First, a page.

Large facilities

Stadiums, Arenas, Exhibition Parks, Conference Centres, Leisure Centres, Leisure Parks, and Museums have become ultra-modern and connected centres playing their part in our lives. They combine sports, leisure activities, culture, events, business centres, shops, accommodation and travel.

All of them are either already multifunctional or will need to become so. Their primary aim is more about products at the head of the market than essential financial resources. Ticket sales are not sufficient to make them profitable enterprises.

These facilities are real drivers of economic development and employment in their region. They structure their local areas through urban and commercial developments and the transport infrastructures that they require.

They develop a feeling of belonging amongst fans and residents. They have a social role to play by means of the central focus they provide. They contribute to the attractiveness and reputation of the local area through the events they host.

In the context of limited public finances, private initiative is an effective lever for development. It can provide local areas with the opportunity to obtain the facilities they need, or renovate or enlarge existing ones, by working together with users to arrange modern facilities and to establish and develop their activity. A virtuous approach in which the quality of the infrastructure contributes to producing quality entertainment and reinforces the interest of spectators and companies.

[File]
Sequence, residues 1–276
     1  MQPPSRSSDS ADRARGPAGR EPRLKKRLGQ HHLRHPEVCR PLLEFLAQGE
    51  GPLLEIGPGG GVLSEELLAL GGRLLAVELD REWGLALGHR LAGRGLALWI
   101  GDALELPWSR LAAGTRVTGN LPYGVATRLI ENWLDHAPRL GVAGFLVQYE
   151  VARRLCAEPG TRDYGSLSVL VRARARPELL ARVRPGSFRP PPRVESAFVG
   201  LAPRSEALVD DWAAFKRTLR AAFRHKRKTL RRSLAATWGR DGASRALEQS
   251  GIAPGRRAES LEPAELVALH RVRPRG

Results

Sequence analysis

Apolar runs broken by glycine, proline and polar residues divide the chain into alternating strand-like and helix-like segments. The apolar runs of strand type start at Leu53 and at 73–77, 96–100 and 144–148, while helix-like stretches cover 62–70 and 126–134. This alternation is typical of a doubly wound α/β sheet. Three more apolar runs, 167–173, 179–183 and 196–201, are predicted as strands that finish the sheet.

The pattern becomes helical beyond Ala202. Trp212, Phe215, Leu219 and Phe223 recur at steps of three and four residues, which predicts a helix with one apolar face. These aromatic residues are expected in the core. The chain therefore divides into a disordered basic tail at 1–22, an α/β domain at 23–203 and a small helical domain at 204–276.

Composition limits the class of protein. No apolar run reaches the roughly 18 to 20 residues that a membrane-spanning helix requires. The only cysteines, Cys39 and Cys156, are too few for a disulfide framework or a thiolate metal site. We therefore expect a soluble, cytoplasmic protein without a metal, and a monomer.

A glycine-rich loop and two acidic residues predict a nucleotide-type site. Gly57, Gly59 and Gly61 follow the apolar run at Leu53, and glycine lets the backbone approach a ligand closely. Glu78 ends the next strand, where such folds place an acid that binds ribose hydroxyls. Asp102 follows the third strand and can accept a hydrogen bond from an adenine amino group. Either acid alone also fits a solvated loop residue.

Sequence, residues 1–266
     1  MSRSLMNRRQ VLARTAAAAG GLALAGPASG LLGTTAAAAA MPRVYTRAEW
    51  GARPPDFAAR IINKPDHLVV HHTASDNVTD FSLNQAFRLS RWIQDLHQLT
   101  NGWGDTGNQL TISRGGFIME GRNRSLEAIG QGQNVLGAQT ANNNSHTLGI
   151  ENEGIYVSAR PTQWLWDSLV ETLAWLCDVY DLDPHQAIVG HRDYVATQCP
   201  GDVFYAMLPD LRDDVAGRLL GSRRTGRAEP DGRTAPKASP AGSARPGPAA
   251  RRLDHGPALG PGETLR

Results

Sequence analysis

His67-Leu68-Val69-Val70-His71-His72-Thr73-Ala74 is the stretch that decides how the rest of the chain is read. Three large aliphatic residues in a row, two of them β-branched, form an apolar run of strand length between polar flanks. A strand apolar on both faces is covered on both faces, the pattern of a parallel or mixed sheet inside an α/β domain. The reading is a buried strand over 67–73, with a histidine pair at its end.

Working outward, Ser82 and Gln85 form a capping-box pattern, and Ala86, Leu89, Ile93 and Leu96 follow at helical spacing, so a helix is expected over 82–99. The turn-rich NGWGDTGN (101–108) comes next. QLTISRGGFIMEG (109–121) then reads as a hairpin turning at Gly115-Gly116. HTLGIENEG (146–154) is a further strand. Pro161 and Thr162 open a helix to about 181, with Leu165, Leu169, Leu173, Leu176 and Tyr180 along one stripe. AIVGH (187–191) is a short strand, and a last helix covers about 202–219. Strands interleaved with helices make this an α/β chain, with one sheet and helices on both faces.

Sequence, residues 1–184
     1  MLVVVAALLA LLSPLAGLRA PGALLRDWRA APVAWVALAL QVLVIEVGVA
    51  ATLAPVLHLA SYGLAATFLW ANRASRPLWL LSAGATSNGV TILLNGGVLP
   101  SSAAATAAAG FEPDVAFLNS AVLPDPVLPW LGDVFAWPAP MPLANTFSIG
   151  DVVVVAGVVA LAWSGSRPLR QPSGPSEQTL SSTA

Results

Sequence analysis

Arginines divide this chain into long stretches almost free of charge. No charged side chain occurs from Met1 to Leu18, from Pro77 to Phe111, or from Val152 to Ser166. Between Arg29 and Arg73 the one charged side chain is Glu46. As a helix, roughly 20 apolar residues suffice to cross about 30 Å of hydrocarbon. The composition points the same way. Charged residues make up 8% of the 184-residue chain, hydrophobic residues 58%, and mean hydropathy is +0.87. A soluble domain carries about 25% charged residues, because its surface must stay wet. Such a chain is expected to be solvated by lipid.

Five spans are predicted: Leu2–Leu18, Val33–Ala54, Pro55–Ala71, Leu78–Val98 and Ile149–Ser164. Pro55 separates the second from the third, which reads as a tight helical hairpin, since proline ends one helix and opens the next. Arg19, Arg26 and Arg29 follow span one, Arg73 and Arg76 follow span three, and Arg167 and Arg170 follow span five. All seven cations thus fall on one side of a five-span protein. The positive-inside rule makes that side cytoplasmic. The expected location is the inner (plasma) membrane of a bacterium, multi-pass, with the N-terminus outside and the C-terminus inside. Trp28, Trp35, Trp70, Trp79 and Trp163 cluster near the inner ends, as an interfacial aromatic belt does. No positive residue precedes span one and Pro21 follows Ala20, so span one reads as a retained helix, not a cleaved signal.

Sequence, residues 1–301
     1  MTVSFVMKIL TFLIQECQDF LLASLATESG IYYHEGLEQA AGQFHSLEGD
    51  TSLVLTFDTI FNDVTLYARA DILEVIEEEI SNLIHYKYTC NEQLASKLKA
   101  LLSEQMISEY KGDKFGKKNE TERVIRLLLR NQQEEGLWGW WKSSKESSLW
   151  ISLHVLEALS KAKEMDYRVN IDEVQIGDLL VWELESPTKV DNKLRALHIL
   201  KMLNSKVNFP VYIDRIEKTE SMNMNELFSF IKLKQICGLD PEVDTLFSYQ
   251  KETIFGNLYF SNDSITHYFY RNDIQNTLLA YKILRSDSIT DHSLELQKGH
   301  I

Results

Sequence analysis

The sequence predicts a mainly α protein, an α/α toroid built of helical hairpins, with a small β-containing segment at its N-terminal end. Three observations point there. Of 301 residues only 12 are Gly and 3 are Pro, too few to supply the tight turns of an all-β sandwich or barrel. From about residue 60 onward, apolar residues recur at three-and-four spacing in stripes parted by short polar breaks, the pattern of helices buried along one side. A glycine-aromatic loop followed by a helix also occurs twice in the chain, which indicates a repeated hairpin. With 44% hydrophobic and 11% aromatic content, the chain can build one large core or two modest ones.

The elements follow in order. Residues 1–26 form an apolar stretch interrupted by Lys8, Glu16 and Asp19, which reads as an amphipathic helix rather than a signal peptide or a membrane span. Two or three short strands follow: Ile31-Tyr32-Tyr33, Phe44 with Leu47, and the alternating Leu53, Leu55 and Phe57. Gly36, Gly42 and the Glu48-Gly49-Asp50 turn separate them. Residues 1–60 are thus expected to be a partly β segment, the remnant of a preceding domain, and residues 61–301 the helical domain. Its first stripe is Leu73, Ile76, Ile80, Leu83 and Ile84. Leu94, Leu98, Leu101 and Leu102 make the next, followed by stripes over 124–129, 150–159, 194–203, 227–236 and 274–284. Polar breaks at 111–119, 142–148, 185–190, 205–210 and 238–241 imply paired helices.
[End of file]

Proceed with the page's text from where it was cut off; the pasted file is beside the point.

A set of large stakeholders

Creation of large facilities involves a set of large stakeholders, both public and private, within a regulatory framework, and complex creation processes frequently opposed when revealed. In addition, it is not certain that there will be a full understanding of the facility to be constructed, its  schedule and its budget, with perfectly coherent actions and without information in advance.

After their inauguration, everything gets going, with a greater or lesser degree of fluidity depending on the quality of the structure created and how well the expected uses, skills and means in place for operation and organisation of events have been taken into account. Safety and security remains the priority for spectators and visitors.

The key is to be able to provide client satisfaction, the atmosphere and the sensations that they are seeking. Knowledge of their expectations is essential in gaining their loyalty and in planning new services and uses.

The adjustment and growth period allows observations to be made in order to optimize operations and reduce expenses.

At each stage, from description through to operation, the performance and the customer’s journey must be at the centre of thoughts and actions, in order to guarantee spectator satisfaction and the success of the enterprise.

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